Together with UK colleagues they found a high biodiversity within the bacteria, depending on the locations they lived, whereas the biodiversity of the snow algal communities was rather uniform. In other words: Throughout the Arctic regions, it is most probably the same algal species that cause red snow and thus accelerate melting. The blooming leads to a runaway effect: The more glaciers and snow fields thaw the more algae bloom which in turn results in a darkening of the surface which again accelerates melting. Liane G. Benning, head of the GFZ's section „Interface Geochemistry", says: „Our work paves the way for a universal model of algal-albedo interaction and a quantification of additional melting caused by algal blooms."

For years, "bio-albedo has been a niche topic", says Daniel Remias, biologist at the Fachhochschule Wels, Austria. The snow algae specialist comments on the study: "For the first time ever, researchers have investigated the large-scale effect of microorganisms on the melting of snow and ice the Arctic." Remias visited the GFZ for an international snow algae meeting organized by Liane G. Benning.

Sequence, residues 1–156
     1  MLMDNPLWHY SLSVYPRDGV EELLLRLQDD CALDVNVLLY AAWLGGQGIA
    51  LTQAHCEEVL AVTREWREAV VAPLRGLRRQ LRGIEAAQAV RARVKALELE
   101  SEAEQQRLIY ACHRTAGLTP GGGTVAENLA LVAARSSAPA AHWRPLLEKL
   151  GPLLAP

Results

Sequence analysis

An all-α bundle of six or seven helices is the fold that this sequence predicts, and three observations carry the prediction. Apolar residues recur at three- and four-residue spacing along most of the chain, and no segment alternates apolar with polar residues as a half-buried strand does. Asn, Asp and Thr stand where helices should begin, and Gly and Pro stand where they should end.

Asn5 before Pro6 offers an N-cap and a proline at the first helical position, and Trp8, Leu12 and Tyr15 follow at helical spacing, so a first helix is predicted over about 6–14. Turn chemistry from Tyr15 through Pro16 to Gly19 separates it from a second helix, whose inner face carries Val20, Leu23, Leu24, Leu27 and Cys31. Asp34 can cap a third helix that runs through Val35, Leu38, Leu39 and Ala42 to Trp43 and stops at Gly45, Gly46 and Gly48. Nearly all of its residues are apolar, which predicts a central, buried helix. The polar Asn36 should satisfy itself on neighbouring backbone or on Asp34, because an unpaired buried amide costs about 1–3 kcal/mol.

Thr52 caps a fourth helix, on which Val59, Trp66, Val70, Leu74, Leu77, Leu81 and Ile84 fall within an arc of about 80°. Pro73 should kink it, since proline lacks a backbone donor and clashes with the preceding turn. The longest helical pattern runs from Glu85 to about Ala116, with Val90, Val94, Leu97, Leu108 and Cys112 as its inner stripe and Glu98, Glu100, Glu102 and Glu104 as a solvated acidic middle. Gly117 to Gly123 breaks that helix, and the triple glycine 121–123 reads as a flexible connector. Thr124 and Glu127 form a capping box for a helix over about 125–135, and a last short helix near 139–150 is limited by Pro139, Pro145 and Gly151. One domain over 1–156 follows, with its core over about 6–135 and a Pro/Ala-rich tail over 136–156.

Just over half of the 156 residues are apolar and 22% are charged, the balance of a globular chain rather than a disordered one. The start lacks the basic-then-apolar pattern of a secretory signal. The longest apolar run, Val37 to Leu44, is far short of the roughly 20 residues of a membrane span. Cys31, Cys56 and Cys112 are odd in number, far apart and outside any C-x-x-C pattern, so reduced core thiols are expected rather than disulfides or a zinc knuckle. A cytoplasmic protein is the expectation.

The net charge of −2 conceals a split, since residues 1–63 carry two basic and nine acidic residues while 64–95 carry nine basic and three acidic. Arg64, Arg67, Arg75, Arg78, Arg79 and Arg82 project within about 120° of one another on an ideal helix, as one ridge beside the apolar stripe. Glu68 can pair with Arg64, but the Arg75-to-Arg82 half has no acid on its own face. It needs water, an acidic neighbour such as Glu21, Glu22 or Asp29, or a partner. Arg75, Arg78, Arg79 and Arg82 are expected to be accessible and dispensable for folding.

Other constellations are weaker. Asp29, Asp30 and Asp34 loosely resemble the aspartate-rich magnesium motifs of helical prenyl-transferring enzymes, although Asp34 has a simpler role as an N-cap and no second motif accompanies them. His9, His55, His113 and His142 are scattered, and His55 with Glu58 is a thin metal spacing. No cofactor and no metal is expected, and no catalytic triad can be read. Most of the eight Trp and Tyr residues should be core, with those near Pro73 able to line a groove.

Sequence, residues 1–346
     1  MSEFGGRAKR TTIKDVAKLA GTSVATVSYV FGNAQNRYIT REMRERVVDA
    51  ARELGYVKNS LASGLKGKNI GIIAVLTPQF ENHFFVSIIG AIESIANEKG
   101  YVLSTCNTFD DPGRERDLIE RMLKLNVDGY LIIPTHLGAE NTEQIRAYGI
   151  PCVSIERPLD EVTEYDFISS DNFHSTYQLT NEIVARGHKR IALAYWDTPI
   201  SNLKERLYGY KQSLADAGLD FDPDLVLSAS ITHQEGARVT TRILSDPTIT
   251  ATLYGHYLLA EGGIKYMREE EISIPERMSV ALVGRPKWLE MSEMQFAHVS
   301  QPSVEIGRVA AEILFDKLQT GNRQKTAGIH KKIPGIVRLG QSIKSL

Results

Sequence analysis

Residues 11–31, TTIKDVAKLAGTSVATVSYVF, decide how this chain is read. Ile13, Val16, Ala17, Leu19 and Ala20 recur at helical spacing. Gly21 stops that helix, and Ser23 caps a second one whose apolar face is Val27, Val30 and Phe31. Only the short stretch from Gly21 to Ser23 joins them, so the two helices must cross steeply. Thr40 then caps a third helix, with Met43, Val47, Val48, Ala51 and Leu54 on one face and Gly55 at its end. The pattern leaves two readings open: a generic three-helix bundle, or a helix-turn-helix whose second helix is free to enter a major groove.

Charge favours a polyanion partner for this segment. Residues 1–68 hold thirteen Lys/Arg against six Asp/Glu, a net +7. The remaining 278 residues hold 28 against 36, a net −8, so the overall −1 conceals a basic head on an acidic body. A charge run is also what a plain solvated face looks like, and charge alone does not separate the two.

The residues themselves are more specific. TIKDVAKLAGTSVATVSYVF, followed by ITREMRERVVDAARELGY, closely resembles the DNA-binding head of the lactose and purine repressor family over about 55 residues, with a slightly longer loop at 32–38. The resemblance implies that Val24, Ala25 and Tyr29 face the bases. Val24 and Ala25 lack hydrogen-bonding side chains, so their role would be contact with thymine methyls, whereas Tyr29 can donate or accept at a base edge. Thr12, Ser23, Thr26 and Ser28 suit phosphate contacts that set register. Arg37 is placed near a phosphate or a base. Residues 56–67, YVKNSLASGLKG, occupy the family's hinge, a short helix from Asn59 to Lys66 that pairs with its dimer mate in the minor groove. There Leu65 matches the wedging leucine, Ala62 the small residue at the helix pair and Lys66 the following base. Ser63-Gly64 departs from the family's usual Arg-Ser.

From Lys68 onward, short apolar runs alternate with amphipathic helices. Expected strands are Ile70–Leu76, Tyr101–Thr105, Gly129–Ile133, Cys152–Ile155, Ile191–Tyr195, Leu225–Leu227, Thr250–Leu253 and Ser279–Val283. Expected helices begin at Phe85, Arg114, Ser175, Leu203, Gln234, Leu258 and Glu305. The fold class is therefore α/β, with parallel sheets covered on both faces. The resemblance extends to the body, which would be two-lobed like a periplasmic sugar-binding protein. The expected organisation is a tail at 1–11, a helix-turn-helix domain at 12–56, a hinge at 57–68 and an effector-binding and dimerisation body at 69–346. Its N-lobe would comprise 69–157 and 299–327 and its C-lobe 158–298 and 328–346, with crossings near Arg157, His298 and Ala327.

He stresses the interdisciplinary approach of the project: "Steffi Lutz' and Liane G. Benning's study for the first time combines microbiological and genetic analyses of red snow algae with geochemical and mineralogical properties as well as with the albedo of their habitat." An international, UK led team, including the GFZ's researchers will work this summer on the Greenland Ice Sheet where currently a record-breaking melting rate due to high temperatures is observed. Steffi Lutz, Liane G. Benning and UK colleagues will investigate whether and to what extent pigmented algae contribute to the record melting.
-end-


GFZ GeoForschungsZentrum Potsdam, Helmholtz Centre